We had another nice day of weather today with some sun and temperatures in the 50s F, so I headed up to Bolton Valley for another ski tour at Timberline. The strip of snow just to the climber’s right of the Timberline Quad base station that we used for skinning during our ski tour on Saturday, was slightly broken up now with a small gap. It was just a few feet of dry grass in the break though, so I easily continued right across it, and coverage was great from there on up.
On Saturday, we stopped our tour at the Timberline Mid Station because it was our first outing in a little while and I figured it was good to take it easy, but today I headed right up to the Timberline Summit. The views were nice with some late day clouds to the west over Lake Champlain and the Adirondacks. The snow on Showtime was even a notch better than Saturday, I think thanks to a bit more sun to soften it up and create a smoother, more even surface today.
It looks like we’ll have more spring weather in the first part of this week before it becomes wintrier in the latter part of the week.
“One of my favorite parts of the descent was playing in the dips and rolls along the skier’s left of the trail – there was some incredible flow, and the fats had that “no width” feeling much of the time.”
Despite the recent additions of snow, there hasn’t been too much incentive to ski over the past couple of days, basically because of the continuation of those cold temperatures. When the high temperatures are below zero Fahrenheit, as they have been in some locations this week, I’d much rather get other work done and save skiing for when the temperatures become more respectable. Fortunately, today was that day. Temperatures climbed into the low 20s F this afternoon, and since I was curious about how those rounds of snow over the past week had settled in up at the mountain, it was time to check it out. I really didn’t know what to expect up on the hill. New trails have been opening up on natural snow, including some black diamond runs like Schuss and Vermont 200, so that seemed like a good sign. I was also curious about the lower-elevations on Timberline though. If the recent snows had put down enough coverage there, I was excited to skin up for some powder turns. To cover my options, I put both the fats and mid fats on the ski rack, and threw their skins in the back of the car. I was ready for whatever was out there.
First on my list was to check out Timberline on my way up to the main base, but that’s as far as I got. There was still some tall grass sticking out of the snow on the slopes, but I could see a lot of ski tracks scattered about, and it was clearly game on for Timberline turns. I grabbed the fats, put on the skins, and headed up. There was a well-established skin track heading up the usual Twice as Nice route, so clearly a lot of people have been earning turns since the most recent storm. At the base elevations down at ~1,500’, the snowpack had a few different layers. Going from the top down there were 3 to 4 inches of powder, with what appeared to be a thin crust below it, then another inch of powder, and then some denser snow. All told it was only about 5 to 6 inches in deep, but there was enough substance to it that it seemed like it would provide some decent skiing. Up above 2,000’ it was notably deeper, with more base and a snowpack hitting the 7-10” range.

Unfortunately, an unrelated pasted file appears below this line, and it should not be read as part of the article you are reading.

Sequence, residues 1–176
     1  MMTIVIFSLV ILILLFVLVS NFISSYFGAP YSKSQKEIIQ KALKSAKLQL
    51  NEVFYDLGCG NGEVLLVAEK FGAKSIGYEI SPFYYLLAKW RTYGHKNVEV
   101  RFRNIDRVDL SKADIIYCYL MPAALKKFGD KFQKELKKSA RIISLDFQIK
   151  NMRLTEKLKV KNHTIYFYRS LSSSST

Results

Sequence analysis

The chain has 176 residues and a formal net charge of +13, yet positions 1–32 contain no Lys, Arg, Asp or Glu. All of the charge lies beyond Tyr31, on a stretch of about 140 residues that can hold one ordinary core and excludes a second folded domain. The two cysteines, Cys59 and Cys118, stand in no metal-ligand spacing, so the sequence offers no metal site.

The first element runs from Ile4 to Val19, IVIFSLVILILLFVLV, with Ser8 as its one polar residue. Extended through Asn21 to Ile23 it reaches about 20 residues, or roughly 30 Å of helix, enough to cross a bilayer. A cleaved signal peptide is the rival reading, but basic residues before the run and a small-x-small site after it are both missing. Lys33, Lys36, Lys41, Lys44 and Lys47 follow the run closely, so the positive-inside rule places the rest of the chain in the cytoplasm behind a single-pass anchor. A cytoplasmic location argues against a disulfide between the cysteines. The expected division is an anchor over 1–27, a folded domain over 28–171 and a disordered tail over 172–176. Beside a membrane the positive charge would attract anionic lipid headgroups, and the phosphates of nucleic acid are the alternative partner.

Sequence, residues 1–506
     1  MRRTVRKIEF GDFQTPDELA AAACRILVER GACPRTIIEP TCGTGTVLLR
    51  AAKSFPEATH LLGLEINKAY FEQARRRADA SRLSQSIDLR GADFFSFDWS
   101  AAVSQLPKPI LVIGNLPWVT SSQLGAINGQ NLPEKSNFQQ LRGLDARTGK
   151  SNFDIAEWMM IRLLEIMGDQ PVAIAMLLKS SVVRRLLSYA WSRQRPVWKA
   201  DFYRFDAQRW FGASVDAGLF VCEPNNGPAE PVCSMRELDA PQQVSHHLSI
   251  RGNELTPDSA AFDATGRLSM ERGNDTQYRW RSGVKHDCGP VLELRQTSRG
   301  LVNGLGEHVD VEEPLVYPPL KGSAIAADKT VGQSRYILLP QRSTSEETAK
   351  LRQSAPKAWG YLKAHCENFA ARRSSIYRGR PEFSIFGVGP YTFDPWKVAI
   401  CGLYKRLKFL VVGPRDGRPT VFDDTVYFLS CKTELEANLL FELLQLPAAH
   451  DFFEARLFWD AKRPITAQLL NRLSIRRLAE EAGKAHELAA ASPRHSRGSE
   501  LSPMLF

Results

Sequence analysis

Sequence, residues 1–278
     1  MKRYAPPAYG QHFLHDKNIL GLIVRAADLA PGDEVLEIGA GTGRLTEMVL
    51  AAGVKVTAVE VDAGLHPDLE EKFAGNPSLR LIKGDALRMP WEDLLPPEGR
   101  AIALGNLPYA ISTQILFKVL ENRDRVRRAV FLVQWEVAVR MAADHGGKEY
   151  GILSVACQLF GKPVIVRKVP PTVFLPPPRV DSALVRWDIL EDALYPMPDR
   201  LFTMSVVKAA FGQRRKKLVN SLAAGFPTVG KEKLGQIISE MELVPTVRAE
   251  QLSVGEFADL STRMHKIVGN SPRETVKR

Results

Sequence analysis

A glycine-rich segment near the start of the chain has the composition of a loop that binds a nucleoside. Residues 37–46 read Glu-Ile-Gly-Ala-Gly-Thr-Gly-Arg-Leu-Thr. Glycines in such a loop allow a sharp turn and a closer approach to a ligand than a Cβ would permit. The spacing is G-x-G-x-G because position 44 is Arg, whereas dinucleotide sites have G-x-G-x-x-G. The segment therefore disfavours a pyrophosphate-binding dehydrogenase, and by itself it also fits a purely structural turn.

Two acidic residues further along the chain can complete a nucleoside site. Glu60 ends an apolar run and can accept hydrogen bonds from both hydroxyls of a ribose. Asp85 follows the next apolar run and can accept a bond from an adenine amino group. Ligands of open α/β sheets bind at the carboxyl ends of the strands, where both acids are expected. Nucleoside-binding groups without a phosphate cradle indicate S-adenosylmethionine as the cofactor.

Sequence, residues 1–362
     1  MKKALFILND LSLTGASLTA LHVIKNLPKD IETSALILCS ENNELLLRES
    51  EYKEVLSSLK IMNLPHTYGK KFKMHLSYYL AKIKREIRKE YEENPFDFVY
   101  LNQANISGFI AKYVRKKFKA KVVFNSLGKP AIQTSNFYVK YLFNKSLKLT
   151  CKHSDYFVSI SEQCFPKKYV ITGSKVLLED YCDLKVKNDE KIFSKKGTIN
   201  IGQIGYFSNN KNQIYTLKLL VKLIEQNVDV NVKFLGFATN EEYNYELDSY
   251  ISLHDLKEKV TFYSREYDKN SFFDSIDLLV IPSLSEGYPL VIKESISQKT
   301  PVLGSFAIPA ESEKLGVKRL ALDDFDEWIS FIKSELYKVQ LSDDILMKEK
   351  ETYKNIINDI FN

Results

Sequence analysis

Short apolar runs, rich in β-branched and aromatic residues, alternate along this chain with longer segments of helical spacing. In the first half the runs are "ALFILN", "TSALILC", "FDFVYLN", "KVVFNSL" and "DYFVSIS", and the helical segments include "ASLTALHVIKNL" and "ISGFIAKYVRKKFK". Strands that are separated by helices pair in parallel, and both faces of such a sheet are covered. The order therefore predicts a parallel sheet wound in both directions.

Based on what I’d seen in the lower elevations, I thought that Brandywine might be a nice option, so I headed to the top of Intro and switched over for the descent there. Looking down Brandywine, the signs were definitely positive. The trail had seen a few skiers, but there was plenty of untracked snow on the skier’s left, and based on the tracks it looked like there would be plenty of cover. The turns were even better than I’d expected, with 6 to 8 inches of powder over a hardened base up top. There was that thin layer of crust sandwiched in there somewhere, but it only occasionally made its presence felt, and the fat skis made quick work of it. One of my favorite parts of the descent was playing in the dips and rolls along the skier’s left of the trail – there was some incredible flow and the fats had that “no width” feeling much of the time. There has definitely been some good snow building up on the mountain while I wasn’t looking – it’s certainly not enough to support lift-served traffic yet, but we’re just one good synoptic storm away from that with the base that’s down there now.
When I reached the junction with Timberline Run I saw that it was rutted from snowcat traffic, so I took Spur, which was totally untracked. The powder wasn’t so deep that I couldn’t move on the modest pitches, but it was enough to keep you floating for turns. As I passed by Spell Binder I saw that there had been a lot of skier traffic there, so indeed people have been hitting it hard. It seems like there was a mini army out there skiing laps over the past couple of days. Just as I was reaching the end of Spur, I saw that the sky was exploding with color off to the west, and it quickly became dramatic enough that I had to stop and take it in. I was probably there for 10 minutes watching the color change as the sun sank lower, and I happily got some good photos of the light show. Even the lowest elevations about which I was most concerned offered up good turns, so it may be worth another visit tomorrow. Temperatures are staying mild ahead of the next storm heading this way, so I’d say it’s time get out in the snow in the northern mountains.